convenience. Many articles have been written on the Although we have particularly mentioned remarkable docility and teachableness the canary, there is scarcely any variety of shown by the canary, and it is not our pur- the smaller birds that would not furnish pose to write at length on a subject so well agreeable pets for the household. Not a and generally understood. But it is a fact few of our readers, doubtless, have read within our own experience that the pleas- Grace Greenwood's beautiful little story of ure to be derived from the preseuce of “ Kobin Redbreast,” in her " History of these graceful, grateful and beautiful little my Pets,” and though not every robin creatures in the house is far greater than equals that sweet bird, probably many a that resulting from many other luxuries. Robin Redbreast would do as well under Do you wake to find the blue sky no longer an etficient teacber. And here we are reblue, but gray, and the wind sighing its minded of Mrs. Browning's pet " Doves,mournful intipation of a coming storm? of which she sings so tenderly: No matter; when you descend the stairs and pass into the breakfast-room, you are

My little doves have left a nest

Upon au Inuian tree, greeted by a perfect shower of gay music

Whose leaves fantastic take their rest from yellow-breasted canary, who peeps

Or motion from the sea; down at you with his bright little black eyes, and sings the louder if you give him

For, ever ibere, the sea-winds go

With sunlit faces to and fro. a pleasant word of praise. Already the morning seeins brighter, and the smile you

“The tropic flowers looked up to it, could not refuse to the pretty inusician

The tropic stars lookeu dowu, lingers on your lips long afterward. Are

And there my little doves did sit, you sad or out of sorts in any way, so that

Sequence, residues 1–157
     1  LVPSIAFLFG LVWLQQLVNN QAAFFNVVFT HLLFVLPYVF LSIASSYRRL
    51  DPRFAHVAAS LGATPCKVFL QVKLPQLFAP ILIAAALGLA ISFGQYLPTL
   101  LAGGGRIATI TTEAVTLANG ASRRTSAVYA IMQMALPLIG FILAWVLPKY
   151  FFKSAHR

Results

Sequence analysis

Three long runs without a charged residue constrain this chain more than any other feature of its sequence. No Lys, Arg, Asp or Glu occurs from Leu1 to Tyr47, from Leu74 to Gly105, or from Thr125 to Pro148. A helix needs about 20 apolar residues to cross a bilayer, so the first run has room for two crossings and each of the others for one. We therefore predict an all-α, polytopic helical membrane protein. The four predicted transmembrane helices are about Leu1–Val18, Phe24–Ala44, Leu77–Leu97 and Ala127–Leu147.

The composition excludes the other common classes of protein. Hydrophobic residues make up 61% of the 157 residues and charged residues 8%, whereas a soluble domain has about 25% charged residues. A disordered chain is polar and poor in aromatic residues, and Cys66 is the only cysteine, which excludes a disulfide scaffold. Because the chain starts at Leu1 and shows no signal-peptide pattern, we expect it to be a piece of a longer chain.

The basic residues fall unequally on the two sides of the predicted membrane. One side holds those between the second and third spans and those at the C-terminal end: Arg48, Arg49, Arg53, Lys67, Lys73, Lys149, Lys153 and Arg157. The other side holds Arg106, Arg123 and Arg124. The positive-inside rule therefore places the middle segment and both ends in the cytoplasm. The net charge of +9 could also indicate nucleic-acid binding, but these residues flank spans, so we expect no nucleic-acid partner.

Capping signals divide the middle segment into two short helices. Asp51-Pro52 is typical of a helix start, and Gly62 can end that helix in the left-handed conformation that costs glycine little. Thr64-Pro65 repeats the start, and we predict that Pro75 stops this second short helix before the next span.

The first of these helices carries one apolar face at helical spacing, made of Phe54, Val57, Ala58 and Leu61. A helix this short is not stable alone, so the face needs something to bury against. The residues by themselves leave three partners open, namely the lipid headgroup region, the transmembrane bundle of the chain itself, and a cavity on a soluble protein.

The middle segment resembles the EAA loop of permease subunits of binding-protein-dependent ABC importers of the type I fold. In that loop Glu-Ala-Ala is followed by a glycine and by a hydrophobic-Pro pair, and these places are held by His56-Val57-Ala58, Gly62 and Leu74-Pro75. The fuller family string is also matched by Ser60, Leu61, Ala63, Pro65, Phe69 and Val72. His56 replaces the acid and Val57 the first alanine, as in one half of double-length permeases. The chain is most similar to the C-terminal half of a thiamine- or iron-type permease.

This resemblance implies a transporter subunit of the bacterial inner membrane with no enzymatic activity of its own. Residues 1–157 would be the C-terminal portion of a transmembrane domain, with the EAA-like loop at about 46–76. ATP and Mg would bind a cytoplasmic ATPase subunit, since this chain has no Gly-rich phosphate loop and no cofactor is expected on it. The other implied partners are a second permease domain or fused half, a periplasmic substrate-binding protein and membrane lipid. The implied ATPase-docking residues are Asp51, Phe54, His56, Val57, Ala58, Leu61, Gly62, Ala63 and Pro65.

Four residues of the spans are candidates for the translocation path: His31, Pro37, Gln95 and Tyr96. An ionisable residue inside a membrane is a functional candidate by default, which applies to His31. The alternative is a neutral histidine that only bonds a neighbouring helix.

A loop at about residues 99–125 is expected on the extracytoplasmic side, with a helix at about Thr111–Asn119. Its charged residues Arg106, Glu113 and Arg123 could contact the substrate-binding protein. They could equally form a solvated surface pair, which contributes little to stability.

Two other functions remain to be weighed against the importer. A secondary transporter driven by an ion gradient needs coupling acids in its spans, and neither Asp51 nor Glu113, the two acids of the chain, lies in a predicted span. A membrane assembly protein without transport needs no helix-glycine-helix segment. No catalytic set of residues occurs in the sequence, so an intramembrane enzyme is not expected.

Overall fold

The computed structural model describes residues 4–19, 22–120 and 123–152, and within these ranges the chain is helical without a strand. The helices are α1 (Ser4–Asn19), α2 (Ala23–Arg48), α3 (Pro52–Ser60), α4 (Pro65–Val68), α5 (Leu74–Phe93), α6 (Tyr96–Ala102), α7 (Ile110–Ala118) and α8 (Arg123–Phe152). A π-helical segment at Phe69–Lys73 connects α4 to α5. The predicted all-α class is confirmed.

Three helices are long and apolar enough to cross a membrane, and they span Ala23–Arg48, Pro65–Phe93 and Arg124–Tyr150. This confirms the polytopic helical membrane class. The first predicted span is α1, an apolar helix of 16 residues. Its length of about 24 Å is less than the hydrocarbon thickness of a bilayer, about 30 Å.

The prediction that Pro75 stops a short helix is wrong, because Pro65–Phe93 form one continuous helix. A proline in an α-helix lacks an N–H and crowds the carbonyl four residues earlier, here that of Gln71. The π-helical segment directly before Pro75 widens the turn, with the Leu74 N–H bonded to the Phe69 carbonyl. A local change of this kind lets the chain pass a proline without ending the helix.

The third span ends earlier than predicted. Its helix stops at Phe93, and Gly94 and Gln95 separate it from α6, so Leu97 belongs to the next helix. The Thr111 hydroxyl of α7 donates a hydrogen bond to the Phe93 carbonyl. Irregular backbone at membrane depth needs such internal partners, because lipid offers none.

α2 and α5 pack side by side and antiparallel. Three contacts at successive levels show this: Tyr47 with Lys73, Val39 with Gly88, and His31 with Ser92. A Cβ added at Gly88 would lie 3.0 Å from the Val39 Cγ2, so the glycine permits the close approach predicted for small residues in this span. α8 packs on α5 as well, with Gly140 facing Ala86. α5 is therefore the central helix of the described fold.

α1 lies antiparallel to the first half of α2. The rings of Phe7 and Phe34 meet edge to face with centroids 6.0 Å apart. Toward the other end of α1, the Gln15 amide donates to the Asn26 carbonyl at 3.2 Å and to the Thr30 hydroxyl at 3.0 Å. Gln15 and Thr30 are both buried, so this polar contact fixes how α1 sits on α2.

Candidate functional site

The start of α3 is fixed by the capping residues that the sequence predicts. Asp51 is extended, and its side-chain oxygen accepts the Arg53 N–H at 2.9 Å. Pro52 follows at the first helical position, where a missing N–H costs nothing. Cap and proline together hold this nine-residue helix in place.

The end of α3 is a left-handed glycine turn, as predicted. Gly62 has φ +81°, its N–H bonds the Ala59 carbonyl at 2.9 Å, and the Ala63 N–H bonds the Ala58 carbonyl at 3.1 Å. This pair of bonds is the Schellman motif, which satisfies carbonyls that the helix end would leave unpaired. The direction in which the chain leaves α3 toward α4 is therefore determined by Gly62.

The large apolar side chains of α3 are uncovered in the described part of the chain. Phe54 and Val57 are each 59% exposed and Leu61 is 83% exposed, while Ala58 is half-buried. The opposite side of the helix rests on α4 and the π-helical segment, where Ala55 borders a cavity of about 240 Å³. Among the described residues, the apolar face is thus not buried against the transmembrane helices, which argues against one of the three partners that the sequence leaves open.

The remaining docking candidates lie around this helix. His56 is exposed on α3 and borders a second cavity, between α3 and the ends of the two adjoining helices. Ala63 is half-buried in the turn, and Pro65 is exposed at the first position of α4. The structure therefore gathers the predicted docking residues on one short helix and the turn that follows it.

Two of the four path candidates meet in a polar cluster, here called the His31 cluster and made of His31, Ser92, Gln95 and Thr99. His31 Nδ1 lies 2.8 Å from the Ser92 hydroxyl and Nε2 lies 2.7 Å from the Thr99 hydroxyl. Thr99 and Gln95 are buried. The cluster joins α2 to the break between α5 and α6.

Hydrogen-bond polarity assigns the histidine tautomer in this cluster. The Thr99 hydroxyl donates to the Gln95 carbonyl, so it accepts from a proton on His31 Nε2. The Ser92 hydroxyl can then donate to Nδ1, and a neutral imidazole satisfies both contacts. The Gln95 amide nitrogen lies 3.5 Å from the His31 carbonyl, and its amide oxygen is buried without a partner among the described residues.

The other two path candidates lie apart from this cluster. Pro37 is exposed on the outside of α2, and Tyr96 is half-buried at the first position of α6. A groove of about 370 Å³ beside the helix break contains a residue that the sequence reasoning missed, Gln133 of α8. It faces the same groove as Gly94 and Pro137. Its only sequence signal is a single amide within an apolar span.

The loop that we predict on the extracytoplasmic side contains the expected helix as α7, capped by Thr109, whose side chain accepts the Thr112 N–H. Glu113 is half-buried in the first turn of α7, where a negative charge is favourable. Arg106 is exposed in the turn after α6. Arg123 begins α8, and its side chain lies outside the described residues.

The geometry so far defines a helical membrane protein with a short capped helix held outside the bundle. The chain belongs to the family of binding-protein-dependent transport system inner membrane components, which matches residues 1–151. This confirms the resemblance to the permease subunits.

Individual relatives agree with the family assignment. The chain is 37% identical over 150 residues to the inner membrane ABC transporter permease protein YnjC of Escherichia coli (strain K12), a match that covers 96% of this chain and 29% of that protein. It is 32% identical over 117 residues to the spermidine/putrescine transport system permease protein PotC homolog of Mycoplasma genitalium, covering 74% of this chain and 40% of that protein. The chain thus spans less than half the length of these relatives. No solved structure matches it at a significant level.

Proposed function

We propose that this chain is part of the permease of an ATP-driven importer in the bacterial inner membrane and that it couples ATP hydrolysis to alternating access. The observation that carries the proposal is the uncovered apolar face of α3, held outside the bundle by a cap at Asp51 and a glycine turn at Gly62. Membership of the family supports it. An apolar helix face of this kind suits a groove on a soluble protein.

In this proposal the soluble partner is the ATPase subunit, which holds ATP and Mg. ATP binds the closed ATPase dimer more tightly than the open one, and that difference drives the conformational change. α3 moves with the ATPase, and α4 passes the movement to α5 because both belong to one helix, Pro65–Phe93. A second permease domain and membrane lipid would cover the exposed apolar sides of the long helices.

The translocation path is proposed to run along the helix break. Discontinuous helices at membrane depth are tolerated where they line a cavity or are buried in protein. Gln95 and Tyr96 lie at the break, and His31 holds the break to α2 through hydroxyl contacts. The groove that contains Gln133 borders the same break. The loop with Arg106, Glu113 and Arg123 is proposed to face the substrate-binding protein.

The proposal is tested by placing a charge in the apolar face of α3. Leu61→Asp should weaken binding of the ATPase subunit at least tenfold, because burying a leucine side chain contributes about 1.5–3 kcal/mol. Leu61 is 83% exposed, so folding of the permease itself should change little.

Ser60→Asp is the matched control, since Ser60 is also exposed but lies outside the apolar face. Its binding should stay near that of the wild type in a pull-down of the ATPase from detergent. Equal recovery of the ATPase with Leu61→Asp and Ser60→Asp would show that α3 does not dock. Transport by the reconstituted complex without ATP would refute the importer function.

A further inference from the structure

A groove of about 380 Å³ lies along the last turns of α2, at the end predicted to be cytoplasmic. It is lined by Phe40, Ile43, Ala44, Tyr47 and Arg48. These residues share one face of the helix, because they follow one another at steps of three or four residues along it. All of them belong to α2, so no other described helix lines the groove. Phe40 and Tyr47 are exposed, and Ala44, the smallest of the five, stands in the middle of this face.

With feathers softly brown, the world seems unusually gloomy? Canary does not see the use of long faces, and

And glittering eyes that showed their right

To general nalure's deep uelight. 50 he sings his song, eats his seeds, and turns his bead over to look at you in a “And God thein taught, at every close knowing way, making of himself so pretty Of murmuring waves beyond, and cheery a sight that you cannot but And green leaves round, to interpose choose to unbend a little, and address a Their choral voices fond; iew caressing words to hiin, which le Interpreting that love must be seemns to appreciate, and which do you a The meaning of the earth and sea.

“My little doves were ta'en away

From that glad nest of theirs,
Across an ocean rolling gray,

And tempest-clouded airs.
My little doves !-who lately knew
The sky and wave by warmth and blue!
"And now, within the city prison,

In mist and chillness pent,
With sudden upward look they listen

For sounds of pas: content-
For lapse of water, swell of breeze,
Or nut-fruit falling from the trees.
“ The stir without, the glow of passion,

The triumph of the mart,
The gold and silver as they clash on

Man's cold inetallic heart,